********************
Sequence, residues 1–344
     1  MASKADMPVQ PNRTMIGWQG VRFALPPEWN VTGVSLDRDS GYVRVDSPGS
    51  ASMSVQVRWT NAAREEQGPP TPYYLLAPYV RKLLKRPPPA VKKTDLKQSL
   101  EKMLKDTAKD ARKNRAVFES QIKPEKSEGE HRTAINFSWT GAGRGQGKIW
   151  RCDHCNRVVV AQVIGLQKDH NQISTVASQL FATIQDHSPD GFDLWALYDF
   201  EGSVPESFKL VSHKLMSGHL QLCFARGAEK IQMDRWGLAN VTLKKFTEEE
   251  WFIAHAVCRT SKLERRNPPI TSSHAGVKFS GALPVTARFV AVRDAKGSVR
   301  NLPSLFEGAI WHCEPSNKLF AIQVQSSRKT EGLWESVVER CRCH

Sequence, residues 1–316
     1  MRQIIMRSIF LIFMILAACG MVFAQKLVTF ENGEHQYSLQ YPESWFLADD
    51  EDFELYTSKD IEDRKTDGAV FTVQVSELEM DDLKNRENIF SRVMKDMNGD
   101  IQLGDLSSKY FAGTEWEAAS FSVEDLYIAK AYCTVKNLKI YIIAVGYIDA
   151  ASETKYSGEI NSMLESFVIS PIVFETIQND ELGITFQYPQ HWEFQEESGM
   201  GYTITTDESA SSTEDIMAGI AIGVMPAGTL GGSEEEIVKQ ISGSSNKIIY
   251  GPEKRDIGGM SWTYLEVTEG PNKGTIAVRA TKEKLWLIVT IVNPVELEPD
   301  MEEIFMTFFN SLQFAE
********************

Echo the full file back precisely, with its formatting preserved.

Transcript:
Sequence, residues 1–344
     1  MASKADMPVQ PNRTMIGWQG VRFALPPEWN VTGVSLDRDS GYVRVDSPGS
    51  ASMSVQVRWT NAAREEQGPP TPYYLLAPYV RKLLKRPPPA VKKTDLKQSL
   101  EKMLKDTAKD ARKNRAVFES QIKPEKSEGE HRTAINFSWT GAGRGQGKIW
   151  RCDHCNRVVV AQVIGLQKDH NQISTVASQL FATIQDHSPD GFDLWALYDF
   201  EGSVPESFKL VSHKLMSGHL QLCFARGAEK IQMDRWGLAN VTLKKFTEEE
   251  WFIAHAVCRT SKLERRNPPI TSSHAGVKFS GALPVTARFV AVRDAKGSVR
   301  NLPSLFEGAI WHCEPSNKLF AIQVQSSRKT EGLWESVVER CRCH

Sequence, residues 1–316
     1  MRQIIMRSIF LIFMILAACG MVFAQKLVTF ENGEHQYSLQ YPESWFLADD
    51  EDFELYTSKD IEDRKTDGAV FTVQVSELEM DDLKNRENIF SRVMKDMNGD
   101  IQLGDLSSKY FAGTEWEAAS FSVEDLYIAK AYCTVKNLKI YIIAVGYIDA
   151  ASETKYSGEI NSMLESFVIS PIVFETIQND ELGITFQYPQ HWEFQEESGM
   201  GYTITTDESA SSTEDIMAGI AIGVMPAGTL GGSEEEIVKQ ISGSSNKIIY
   251  GPEKRDIGGM SWTYLEVTEG PNKGTIAVRA TKEKLWLIVT IVNPVELEPD
   301  MEEIFMTFFN SLQFAE